The most common way of using -(y)ken is in conjunction with the aorist tense. In this form, it closely correpsonds to the English while. The present tense may also be used, albeit less commonly, with the same meaning.
- Eve giderken bakkala uğra. Stop by the grocery store while going home.
- İşimi yaparken kapı çaldı. The door was knocked while I was doing my work.
- Hırsızı kaçarken yakalayacağız. We'll catch the robber while he is fleeing.
The suffix -(y)ken may only combine with the -mış past tense, and never the -dı past tense. It is used to talk about events that were already complete while the main clause was occurring. Thus, it produces a meaning that can be roughly translated as having done ....
- Sınav başlamışken tuvalete çıkamayız. We can't go for a toilet, since the exam has started.
- Annemiz odayı terk etmişken şu işi halledelim. Let's get this job done while our mother is gone.
- Parasını vermişken tatile gidelim bari. Having given the money, let's go on holiday at the least.
This meaning can be further stressed with the adverb hazır.
- Hazır işim bitmişken seninle konuşabilirim. Having already completed my job, I may talk with you.
When -(y)ken is used with the Future Tense, it specifies that the action had not yet occured when the event at the main clause occurred. Often, this also implies that the event did not get realized as it was supposed to.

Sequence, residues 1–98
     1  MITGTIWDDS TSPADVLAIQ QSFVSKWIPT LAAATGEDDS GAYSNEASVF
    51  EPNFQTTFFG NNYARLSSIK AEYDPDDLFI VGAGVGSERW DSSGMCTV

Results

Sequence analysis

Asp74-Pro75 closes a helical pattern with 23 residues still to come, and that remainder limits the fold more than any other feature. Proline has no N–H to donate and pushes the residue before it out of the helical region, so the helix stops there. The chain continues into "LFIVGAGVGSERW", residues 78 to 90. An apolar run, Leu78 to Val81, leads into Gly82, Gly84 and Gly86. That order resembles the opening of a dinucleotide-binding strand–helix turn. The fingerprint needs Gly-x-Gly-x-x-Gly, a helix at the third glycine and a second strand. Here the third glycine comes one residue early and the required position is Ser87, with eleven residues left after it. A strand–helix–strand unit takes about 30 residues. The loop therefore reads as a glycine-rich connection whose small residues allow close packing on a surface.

- Seni arayacakken kapı çaldı. Someone knocked the door when I was about to call you.
- Ödevimi yapacakken elektrikler kesildi. There was a blackout as I was about to do my homework.
On less formal registers, -(y)ken may combine with the optative tense -malı to talk about obligations that were present when the event occurred. Similair to the future tense, this often implies that the obligation was not realized.
- Öğretmenle konuşmalıyken konuşmadın. You didn't talk with the teacher even though you were supposed to.
-(y)ken may also combine with nouns, var/yok and değil freely.
- Evdeyken raporu yaz. Write the report while you are at home.
- İşim varken senin gibi takılmıyordum. I didn't hang around like you do while I had a job.
Reduplicated converbs are special, since two verbs are used instead of one. There are two converbs with this form.
There are two ways this converb may be utilized.
By using the same verb twiceEdit
The most common form of this converb is used by repeating the same verb twice. This converb is a more stressed version of -(y)arak, stressing the continuity or the repeatedness of an action.
- Bilgisayara baka baka gözüm kızardı. My eyes got red by looking at the computer.
- Seninle dolaşa dolaşa sana benziyorum. I keep resembling you more by hanging out with you.
By using two different verbsEdit
Sometimes, two different verbs may be used for this converb. The two verbs are usually either similar, or opposite in meaning. Forms with these construction are mostly idiomatic.